Maybe we can find room for serpents around our feet and on a pole, alongside that of Christ on the cross, each figured in death but for us and our communities also sprouting life.

 

Maybe in the long arc of life, we learn from our elders and ancestors that important changes emerge from dreadful and dire circumstances.  Like Rosa Parks who in 1955 refused to budge from her seat reserved from whites in the front of the bus.  Like Sojourner Truth, died in 1883 and remembered in the church yesterday, who changed her name Isabella Baumfree to blast though barriers for women and slaves, and who felt a calling to be a preacher and an abolitionist.   Here is one among many great things she said:

 

That little man in black there, he says women can’t have as much rights as men ’cause Christ wasn’t a woman! Where did your Christ come from? Where did your Christ come from? From God and a woman! Man had nothing to do with Him.

 

I don’t think the Israelites bargained for the wilderness after the rush of freedom from the Egyptians, do you?

 

I don’t think that Nicodemus, who came to the rabbi Jesus as night, was easily taught about a new birth or a second birth as a path to life.

 

And then as sayings from Jesus in today’s Gospel spill from this encounter with Nicodemus as another kind of Sojourner Truth, we might scratch our heads to wonder who does God love, and who does God condemn?  And what does that love look like, and what does that condemnation look like?

 

In my mind, and in my own life’s arc, I continue to see that it is communities of faith like this one which are models for the path that lifts up eyes to the cross, and who carry folks through to the empty tomb.  As we bear burdens, name injustices, recognize our own flaws and limitations, see our own hatreds and participation in systems that harm, we name our sins and place them at the cross.  We realize that our common yearning brings us here.  We see that our mistakes and cruel behaviors expose judgment, and by God’s grace, in the desert, in middle age and youth, and at death, with the resources we are given, we are called to lead one another to the light, which looks like forgiveness, which looks like a second chance, and third, and fourth, and fifth.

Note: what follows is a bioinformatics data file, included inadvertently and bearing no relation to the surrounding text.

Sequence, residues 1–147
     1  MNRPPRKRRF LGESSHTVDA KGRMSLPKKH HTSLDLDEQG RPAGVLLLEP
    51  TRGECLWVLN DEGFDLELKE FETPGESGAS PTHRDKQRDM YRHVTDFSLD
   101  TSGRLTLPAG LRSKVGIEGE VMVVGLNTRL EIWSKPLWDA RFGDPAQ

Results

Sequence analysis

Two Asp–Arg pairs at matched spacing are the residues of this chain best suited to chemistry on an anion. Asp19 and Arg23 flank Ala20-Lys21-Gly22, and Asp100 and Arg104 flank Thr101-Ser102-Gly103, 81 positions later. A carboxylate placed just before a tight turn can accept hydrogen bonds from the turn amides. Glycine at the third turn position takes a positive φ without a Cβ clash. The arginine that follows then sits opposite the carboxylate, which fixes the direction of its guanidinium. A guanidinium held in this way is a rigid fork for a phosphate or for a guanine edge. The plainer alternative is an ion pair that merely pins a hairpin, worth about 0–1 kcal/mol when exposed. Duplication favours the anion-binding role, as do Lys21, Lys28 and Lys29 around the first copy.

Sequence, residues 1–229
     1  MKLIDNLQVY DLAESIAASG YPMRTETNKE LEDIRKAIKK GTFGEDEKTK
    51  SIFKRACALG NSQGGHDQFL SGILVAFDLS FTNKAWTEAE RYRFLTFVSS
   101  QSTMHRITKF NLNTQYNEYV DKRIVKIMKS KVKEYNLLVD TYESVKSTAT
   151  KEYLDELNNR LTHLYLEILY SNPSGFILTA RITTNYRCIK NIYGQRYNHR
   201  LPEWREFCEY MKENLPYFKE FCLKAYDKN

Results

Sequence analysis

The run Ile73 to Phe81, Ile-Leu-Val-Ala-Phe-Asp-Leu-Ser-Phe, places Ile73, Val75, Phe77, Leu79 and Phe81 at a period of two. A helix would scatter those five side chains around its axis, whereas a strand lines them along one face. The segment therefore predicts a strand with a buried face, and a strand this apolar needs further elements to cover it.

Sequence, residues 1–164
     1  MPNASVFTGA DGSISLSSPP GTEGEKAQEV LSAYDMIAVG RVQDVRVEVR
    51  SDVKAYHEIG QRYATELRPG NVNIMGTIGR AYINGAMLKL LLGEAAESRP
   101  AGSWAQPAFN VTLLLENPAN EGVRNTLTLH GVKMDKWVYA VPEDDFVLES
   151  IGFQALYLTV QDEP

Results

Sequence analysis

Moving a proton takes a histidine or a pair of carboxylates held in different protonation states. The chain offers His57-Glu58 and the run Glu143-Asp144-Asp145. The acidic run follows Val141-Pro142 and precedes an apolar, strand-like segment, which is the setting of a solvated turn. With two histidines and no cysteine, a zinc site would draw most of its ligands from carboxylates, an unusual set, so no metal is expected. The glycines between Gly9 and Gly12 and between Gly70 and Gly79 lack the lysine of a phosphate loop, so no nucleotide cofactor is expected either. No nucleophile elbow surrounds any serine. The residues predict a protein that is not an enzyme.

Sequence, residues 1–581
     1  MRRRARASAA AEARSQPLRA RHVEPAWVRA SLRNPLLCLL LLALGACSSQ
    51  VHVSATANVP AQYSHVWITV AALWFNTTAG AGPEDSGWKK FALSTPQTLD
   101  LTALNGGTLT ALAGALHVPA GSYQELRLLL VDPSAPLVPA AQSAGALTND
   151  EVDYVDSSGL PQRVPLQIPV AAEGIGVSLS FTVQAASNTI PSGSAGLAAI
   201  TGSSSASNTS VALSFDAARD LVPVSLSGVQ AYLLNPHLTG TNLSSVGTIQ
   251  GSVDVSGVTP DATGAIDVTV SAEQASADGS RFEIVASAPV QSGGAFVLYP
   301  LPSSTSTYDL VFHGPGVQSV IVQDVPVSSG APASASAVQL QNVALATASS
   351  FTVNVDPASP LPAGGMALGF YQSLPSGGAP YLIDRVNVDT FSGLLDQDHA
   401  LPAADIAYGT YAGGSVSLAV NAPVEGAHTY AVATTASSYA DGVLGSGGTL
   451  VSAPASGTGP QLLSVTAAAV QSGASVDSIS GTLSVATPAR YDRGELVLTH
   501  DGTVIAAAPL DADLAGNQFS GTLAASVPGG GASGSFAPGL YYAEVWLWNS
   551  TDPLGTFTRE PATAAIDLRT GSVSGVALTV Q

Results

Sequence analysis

Here in this community, Christ is offered to bring hope.  Here Christ is seen not as a bludgeon but as an opening to refreshment and love for all, no matter who they are.

 

Here we eat bread and drink wine as sinners who are so hungry and thirsty to find their way, on the long road, and on days like today glimpse Easter’s promise joy in our gathering, in our gestures of peace, in our determination to let our actions flow from the mercy that has its origins in the divine.

 

I have learned, and I am learning that conversion is best employed in rituals like worship, joined to actions in daily living, tested and proven over time.

 

I invite your renewal in the paschal mystery, seeing the cross is still lifted up wherever injustice is.  I invite you not to shy away from the difficulties of life, but seek to be agents of mercy and receivers of mercy. 

Let us immerse ourselves in vocation, a called life: to live together in the lifting up ways of God, all the way to the place of promise.